There were two trends occurring in the information technology sector leading up to both the Dot-com Bubble and COVID-19 Crisis; overall sector weight increases and the concentration in a select group of technology-related stocks. The information technology sector averaged an 18.7% weight within the index during the Dot-com Bubble, reaching a high of 31.6% during August of 2000. Since the COVID-19 pandemic, information technology has been flirting with the Dot-com record, reaching a high of 28.7% at the end of August 2020. While the IT sector’s peak weights are nearly two decades apart, they were at similar levels just before a drop. Interestingly, both IT sector peaks occurred in the month of August.

New Leaders, Same Wolf Pack

A recognized difference between technology leadership in the late 1990s and early 2000s compared to today is that the current leaders have more sustainable business models than the startups that emerged during the Dot-com era. Today’s successful new economy companies are investing in intangible assets as a path to grow revenues. First quartile companies in terms of growth in gross value-added that are located in the telecommunications, media, and technology sectors were found to have invested 5.2 times more in intangibles than companies falling in the bottom two quartiles.[1] These increases in intangible assets include investments in R&D, software, and the filing of new patents. Companies falling in the top quintile of the largest 750 U.S. Stocks, when ranked by R&D to sales, have outperformed names falling in the bottom quintile by 5.6% annually from 2011-2020.[2]

This activity, along with strong investor support, has resulted in an increase in security concentration within the IT sector (and in some cases, IT-related stocks that have been reclassified to other sectors).

Concentration today is arguably more present than it has ever been, with New Economy stocks such as Apple, Microsoft, Amazon, Facebook, and Google (Alphabet Inc.) accounting for a combined average weight of 18% in the S&P 500 Index over the trailing 15 months. The last time the S&P 500 experienced
concentration nearing these levels was in 2000 where Exxon Mobil, General Electric, Cisco Systems, Microsoft, and Pfizer occupied similar territory, accounting for an average weight of 14% during the bull market leading up to the burst of the Dot-
com Bubble. Concentration present at the top of the IT sector drove returns before the market decline, but also rebounded
strongly after.

How Could Concentration Impact your Portfolio?

The S&P 500 is a market-capitalization weighted index; thus, concentration in a handful of stocks may drive the index’s returns. Those same securities may be overweight in your portfolio as more than one of your investment managers may hold them. Since the internet’s entrance as a market phenomenon in the 1990s, New Economy stocks have meaningfully impacted S&P 500 returns. The top five largest market-weighted stocks in the S&P 500 contributed around 65% of the return during the bull market preceding the Dot-com Bubble. Similarly the top five New Economy stocks contributed 62% of the index’s returns during the bull market preceding the COVID-19 outbreak. Interestingly, the return trend following the market downturns differed. The graph below shows the recovery of the Dot-com Bubble was predominately driven by the same top five stocks as the initial bull market preceding the drawdown, whereas the recovery following the COVID-19 Crisis shows the returns are driven by the remainder of the S&P 500 stocks not the top five New Economy stocks.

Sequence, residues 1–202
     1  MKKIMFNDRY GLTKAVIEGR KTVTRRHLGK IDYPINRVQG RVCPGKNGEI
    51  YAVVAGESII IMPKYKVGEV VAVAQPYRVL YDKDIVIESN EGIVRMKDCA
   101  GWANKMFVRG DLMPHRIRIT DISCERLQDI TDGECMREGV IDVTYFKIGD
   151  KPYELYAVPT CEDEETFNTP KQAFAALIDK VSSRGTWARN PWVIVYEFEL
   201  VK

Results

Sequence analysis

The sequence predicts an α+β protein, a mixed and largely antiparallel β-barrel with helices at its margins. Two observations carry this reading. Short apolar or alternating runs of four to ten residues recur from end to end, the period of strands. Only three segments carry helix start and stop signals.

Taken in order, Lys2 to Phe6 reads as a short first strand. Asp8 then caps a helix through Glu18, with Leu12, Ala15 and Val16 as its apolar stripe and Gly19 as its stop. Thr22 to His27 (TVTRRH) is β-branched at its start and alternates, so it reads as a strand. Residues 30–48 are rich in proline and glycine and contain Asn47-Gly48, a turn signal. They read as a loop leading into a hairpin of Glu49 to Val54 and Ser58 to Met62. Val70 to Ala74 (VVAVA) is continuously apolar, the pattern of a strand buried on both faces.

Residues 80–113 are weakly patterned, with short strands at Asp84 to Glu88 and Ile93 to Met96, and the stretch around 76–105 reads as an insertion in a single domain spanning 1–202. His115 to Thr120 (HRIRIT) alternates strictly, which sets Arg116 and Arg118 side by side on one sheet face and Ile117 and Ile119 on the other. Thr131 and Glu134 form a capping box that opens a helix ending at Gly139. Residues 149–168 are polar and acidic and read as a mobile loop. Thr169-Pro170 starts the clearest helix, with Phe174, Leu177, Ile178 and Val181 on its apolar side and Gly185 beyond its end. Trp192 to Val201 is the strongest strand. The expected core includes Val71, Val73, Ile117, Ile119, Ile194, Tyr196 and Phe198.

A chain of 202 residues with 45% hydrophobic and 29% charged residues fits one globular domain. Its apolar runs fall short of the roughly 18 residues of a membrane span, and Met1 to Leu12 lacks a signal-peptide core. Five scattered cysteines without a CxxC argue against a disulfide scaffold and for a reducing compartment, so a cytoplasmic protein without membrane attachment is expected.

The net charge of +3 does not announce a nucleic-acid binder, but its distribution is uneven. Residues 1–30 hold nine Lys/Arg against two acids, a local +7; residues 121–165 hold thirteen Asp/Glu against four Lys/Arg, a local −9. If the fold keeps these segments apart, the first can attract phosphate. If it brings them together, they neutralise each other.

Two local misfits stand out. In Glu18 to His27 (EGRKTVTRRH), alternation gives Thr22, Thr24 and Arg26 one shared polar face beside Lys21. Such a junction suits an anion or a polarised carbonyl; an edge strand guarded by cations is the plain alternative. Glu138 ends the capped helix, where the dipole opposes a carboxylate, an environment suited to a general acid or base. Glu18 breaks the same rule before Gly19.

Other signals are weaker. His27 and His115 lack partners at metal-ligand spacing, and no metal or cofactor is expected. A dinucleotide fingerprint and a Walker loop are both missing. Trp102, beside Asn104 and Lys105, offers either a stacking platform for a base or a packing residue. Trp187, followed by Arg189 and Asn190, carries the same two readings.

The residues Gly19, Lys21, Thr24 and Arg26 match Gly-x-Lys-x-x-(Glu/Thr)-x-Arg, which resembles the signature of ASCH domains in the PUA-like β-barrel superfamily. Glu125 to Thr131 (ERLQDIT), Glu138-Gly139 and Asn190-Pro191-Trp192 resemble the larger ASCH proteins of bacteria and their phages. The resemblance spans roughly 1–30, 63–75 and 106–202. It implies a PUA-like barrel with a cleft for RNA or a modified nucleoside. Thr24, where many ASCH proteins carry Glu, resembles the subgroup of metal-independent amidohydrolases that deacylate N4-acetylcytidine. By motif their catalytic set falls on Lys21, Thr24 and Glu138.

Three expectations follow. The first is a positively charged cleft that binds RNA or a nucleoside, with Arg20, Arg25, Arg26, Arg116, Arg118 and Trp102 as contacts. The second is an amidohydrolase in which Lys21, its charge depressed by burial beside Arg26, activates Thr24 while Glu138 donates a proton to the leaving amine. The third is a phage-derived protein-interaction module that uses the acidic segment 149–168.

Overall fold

The current result could be attributed to the unique aspects of the global market shutdown and potentially the impact of Tesla not being added to the S&P 500 until mid-December. Regardless, we believe a diversified portfolio is the key to long- term market success and that portfolio concentrations should be reviewed regularly in accordance with investment policy statements.

Conclusion

Investment decision making in the last 18 months has been challenging. We witnessed uncommon market behavior as growth-oriented stocks led going into the market decline AND coming out of it through October 2020. Going forward, investors have a plethora of issues to consider in building efficient, successful portfolios to meet their respective long-term objectives. New Economy stock concentrations remain an ongoing phenomenon, and their potential impact on performance should be considered in both up and down market periods. At DeMarche, we focus our clients’ attention on understanding relationships within risk and return to build investment policies that leave room for opportunities, while also ensuring guardrails are in place to ease behavioral tendencies in times of stress.

In closing we ask, how have New Economy stocks impacted your portfolio, and what steps have you taken to prepare for the future? We stand ready to have that conversation with you and help you plan to meet your long-term investment policy objectives.

Sources[1] What's the difference between old- and new-economy stocks? FNTalk.com. (2018, March 3). https://fntalk.com/economy/whats-difference-old-new-economy-stocks/. [2] Hazan, E., Smit, S., Woetzel, J., Cvetanovski, B., Krishnan, M., Gregg, B., Perrey, J., & Hjartar, K. (2021, June 17). Getting tangible about intangibles: The future of growth and productivity? McKinsey & Company. https://www.mckinsey.com/business-functions/marketing-and-sales/our-insights/getting-tangible-about-intangibles-the-future-of-growth-and-productivity. [3] Nicolaescu , M. G., Neuman, B. (2021, June). Innovation: Driving Returns and Wealth Creation. Alger. DeMarche Webinar - Facing the Fear: Asset Allocation in a Post-COVID World.